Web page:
Author(s): Swaminath G, Lee TW, Kobilka B
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Abstract The activity of G protein-coupled receptors (GPCRs) can be modulated by a diverse spectrum of drugs ranging from full agonists to partial agonists, antagonists, and inverse agonists. The vast majority of these ligands compete with native ligands for binding to orthosteric binding sites. Allosteric ligands have also been described for a number of GPCRs. However, little is known about the mechanism by which these ligands modulate the affinity of receptors for orthosteric ligands. We have previously reported that Zn(II) acts as a positive allosteric modulator of the beta(2)-adrenergic receptor (beta(2)AR). To identify the Zn(2+) binding site responsible for the enhancement of agonist affinity in the beta(2)AR, we mutated histidines located in hydrophilic sequences bridging the seven transmembrane domains. Mutation of His-269 abolished the effect of Zn(2+) on agonist affinity. Mutations of other histidines had no effect on agonist affinity. Further mutagenesis of residues adjacent to His-269 demonstrated that Cys-265 and Glu-225 are also required to achieve the full allosteric effect of Zn(2+) on agonist binding. Our results suggest that bridging of the cytoplasmic extensions of TM5 and TM6 by Zn(2+) facilitates agonist binding. These results are in agreement with recent biophysical studies demonstrating that agonist binding leads to movement of TM6 relative to TM5.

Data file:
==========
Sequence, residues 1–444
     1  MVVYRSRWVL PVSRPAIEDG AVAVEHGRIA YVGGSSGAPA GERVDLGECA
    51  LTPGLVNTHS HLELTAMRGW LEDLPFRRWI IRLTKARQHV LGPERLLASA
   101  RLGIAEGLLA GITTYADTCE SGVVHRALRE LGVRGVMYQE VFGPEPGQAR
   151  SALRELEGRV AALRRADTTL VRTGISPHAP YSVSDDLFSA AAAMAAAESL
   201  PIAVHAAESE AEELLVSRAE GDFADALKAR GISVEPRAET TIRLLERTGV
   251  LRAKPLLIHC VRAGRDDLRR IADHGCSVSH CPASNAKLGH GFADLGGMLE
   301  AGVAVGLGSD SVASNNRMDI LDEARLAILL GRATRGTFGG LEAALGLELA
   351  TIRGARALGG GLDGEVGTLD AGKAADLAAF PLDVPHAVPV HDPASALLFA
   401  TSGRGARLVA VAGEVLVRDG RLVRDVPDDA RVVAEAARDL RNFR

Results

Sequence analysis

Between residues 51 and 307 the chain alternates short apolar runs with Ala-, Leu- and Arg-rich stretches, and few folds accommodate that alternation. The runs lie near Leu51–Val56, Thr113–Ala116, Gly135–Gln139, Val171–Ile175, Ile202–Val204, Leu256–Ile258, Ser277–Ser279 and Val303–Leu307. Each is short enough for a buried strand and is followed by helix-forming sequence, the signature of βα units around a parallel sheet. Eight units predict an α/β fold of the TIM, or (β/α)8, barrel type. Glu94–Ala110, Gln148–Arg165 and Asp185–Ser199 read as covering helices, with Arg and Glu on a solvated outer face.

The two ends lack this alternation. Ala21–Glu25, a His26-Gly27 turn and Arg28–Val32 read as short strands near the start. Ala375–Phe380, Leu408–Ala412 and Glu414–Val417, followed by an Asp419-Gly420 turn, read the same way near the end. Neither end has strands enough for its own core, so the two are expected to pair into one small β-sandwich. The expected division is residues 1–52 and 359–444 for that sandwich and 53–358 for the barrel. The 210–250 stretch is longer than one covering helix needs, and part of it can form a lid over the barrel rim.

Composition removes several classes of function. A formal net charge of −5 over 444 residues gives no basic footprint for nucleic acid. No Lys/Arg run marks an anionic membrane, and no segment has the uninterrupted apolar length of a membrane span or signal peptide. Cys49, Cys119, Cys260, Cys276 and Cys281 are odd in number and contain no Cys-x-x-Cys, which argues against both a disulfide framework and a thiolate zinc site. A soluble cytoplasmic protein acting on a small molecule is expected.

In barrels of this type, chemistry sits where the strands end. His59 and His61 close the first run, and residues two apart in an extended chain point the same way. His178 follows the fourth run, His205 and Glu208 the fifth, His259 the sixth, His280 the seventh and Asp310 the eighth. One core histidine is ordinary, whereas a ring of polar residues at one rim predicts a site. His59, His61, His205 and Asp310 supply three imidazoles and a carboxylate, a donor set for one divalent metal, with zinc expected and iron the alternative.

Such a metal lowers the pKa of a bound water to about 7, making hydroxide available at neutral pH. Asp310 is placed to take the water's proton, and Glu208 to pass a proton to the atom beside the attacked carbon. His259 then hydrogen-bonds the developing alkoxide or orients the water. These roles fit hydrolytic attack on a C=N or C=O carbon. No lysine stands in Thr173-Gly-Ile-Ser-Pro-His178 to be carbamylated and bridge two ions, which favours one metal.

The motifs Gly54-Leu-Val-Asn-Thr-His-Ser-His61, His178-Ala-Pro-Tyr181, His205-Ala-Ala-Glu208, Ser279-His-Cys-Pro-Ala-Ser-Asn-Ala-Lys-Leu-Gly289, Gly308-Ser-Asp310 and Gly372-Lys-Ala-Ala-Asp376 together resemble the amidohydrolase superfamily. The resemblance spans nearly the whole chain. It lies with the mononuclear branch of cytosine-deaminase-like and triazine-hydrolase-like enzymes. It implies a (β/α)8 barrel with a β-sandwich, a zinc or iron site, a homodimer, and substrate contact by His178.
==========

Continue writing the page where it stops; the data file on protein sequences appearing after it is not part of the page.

This article was published in J Biol Chem
and referenced in Biochemistry & Physiology: Open Access